A total of four suspects have now been arrested after a video went viral of them toppling a monument portraying a Confederate soldier holding a rifle in North Carolina. The statue was erected in 1924 and inscribed with the words “in memory of the boys who wore the gray”, the traditional color of the uniform worn by Confederate soldiers during the Civil War.
The event occurred on Monday in response to the protest in Charlottesville over the weekend. A video emerged of protesters in Durham, North Carolina, climbing to the top of a Confederate statue, tying a rope around it, and pulling it to the ground.
Protesters then proceeded to kick the statue, although I imagine it had little effect on the cosmetics of the monument, but may have been effective in relieving some of the hatred in the hearts of the protesters. However, the damage had already been done, as the monument lay severely bent after smashing to the ground.
After the video of this incident made its way across social media, North Carolina officials said they would pursue charges against the protesters directly responsible for destroying the historical monument.
Law enforcement officers took video throughout the protest but didn’t intervene. Durham County Sheriff Mike Andrews said he was aware of the potential for vandalism, but used restraint because of the risk of injuries if deputies moved in.
“Had I ordered my deputies to engage a hostile crowd, there would have been serious injuries,” Andrews said. “Statues can be replaced. Lives cannot.”
Still, he said he would pursue felony charges against the protesters responsible for bringing the statue down: “Let me be clear. No one is getting away with what happened yesterday.”
On Tuesday, the first arrest was made, as police tracked down the woman who climbed the ladder and tied the rope around the Confederate statue, contributing to its downfall.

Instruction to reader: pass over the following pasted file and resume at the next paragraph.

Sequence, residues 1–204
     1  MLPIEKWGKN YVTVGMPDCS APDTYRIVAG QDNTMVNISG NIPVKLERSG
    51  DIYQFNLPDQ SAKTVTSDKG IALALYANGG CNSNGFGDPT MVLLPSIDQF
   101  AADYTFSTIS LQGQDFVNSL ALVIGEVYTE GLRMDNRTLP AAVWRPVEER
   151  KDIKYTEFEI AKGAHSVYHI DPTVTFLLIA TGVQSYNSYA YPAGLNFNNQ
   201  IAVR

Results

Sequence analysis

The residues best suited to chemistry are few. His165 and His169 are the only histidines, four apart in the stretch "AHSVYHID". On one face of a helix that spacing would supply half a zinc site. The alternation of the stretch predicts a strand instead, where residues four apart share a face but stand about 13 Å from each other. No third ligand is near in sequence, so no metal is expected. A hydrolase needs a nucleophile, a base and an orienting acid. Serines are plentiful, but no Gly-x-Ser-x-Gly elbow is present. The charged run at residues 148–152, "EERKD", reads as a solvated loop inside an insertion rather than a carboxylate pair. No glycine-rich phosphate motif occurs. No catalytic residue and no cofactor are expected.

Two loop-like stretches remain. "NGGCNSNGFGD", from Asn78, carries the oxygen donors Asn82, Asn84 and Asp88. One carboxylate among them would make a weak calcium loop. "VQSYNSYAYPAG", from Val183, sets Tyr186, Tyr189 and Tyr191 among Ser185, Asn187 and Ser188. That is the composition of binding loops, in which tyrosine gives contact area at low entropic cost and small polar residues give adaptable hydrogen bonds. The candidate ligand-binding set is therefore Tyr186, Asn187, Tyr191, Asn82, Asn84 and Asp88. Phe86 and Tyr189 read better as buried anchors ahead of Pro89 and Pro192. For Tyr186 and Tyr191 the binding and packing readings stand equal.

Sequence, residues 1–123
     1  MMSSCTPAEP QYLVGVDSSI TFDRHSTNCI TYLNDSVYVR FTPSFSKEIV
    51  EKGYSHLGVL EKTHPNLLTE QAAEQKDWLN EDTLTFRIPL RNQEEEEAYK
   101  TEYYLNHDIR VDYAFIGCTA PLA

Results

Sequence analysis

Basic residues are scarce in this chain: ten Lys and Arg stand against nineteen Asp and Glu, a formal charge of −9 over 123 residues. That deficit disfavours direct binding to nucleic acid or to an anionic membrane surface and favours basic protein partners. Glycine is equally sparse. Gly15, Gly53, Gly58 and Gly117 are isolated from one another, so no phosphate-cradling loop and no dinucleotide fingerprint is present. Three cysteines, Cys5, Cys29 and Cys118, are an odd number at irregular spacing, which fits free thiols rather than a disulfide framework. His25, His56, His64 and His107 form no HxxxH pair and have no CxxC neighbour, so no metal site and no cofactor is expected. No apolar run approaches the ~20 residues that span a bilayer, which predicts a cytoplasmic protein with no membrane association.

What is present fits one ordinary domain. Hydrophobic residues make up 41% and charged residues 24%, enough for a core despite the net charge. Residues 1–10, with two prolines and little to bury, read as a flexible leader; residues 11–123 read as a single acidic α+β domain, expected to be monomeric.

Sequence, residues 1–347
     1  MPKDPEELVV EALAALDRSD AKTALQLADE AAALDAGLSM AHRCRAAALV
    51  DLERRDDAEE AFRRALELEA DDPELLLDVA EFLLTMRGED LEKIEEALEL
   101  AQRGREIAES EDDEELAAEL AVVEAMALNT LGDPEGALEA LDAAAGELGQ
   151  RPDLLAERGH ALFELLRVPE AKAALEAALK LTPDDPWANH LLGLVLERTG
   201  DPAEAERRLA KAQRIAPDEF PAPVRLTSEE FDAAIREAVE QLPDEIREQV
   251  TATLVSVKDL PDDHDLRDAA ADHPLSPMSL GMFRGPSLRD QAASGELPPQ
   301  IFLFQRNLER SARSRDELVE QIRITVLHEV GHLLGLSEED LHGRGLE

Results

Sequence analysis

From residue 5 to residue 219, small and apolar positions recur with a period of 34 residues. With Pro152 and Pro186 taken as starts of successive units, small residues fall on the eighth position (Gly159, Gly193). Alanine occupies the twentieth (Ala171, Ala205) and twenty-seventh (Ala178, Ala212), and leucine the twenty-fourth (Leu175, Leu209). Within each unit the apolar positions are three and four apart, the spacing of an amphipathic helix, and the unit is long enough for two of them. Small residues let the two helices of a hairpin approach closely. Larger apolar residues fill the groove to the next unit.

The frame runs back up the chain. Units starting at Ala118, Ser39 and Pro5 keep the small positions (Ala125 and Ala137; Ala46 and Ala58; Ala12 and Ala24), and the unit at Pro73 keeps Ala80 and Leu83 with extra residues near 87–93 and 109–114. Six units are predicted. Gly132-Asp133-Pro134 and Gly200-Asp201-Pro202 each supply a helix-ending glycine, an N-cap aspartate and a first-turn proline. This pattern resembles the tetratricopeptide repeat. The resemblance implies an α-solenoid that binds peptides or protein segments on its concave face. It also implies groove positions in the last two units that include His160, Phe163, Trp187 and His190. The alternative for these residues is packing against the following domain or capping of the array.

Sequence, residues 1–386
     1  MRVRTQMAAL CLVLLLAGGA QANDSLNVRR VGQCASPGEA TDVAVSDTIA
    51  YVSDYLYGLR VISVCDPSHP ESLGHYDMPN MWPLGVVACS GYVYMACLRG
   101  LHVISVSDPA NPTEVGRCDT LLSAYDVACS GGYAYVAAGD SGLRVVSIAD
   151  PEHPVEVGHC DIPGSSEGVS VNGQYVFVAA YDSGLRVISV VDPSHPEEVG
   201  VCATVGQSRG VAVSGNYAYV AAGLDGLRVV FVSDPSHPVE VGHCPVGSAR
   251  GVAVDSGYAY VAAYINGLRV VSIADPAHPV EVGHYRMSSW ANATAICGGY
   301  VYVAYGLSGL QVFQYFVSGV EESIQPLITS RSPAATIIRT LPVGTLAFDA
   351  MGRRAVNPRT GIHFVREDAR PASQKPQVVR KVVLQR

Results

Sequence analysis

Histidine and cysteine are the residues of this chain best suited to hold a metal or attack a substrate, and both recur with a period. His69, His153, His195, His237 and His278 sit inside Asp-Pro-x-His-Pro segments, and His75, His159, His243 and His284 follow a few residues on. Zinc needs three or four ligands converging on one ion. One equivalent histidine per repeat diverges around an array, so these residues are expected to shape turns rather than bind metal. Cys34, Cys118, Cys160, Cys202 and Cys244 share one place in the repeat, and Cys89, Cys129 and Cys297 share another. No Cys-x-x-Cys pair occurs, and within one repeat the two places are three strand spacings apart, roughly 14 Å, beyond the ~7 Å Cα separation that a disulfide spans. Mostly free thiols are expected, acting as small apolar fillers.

— Adam Owens (@AdamOwensTV) August 15, 2017
Takiya Thompson, a student and member of the alt-left Workers World Party, was taken into custody and admitted to participating in the vandalism of the statue. Considering she was clearly seen in the video as one of the culprits, there was little sense in trying to deny her crime.
Deputies took Thompson, a member of the far-left Workers World Party and a student at N.C. Central University, into custody Tuesday shortly after she appeared at a press conference with other protesters.
“The people decided to take matters into our own hands and remove the statue,” Thompson told reporters. “We are tired of waiting on politicians who could have voted to remove the white supremacist statues years ago, but they failed to act. So we acted.”
Investigators said Thompson confessed to climbing the monument and aiding in its removal after being identified through cellphone video.
Authorities have been using the footage, which was captured by cops, to identify all of those responsible and bring them to justice.
“The Sheriff’s Office is executing search warrants and additional arrests are expected,” officials said in a press release.
Today, three more protesters were arrested for taking part in the vandalism of the Confederate monument and charged with felonies related to the incident.
Three more protesters were arrested Wednesday for participating in the toppling of a nearly century-old statue of a Confederate soldier in North Carolina.
Dante Strobino, 35, and Ngoc Loan Tran, 24, were arrested when they attended a court hearing for another woman who was charged Tuesday for climbing a ladder to attach a rope to the bronze soldier. Peter Gull, 39, was arrested later Wednesday afternoon.
The Durham County Sheriff’s office said Tran and Strobino were charged with two felonies related to inciting and participating in a riot that damaged property.
All suspects were affiliated with the far-left Workers World Party, who helped organize the protest. The Workers World Party is an admitted communist party founded in 1959 by a group led by the Socialist Workers Party.
Takiya Thompson, the suspect who tied the rope around the statue, defended her actions by saying she’s tired of being oppressed by white supremacy.
“I’m tired of white supremacy keeping its foot on my neck and the necks of people who look like me,” Thompson said at a news conference. “That statue glorifies the conditions that oppressed people live in, and it had to go.”
Considering Thompson is a student at a historically African-American university in North Carolina, and is eligible to benefit from various diversity scholarships, I can’t help but wonder which white supremacists are placing their “foot on her neck” and keeping her from following her dreams in America.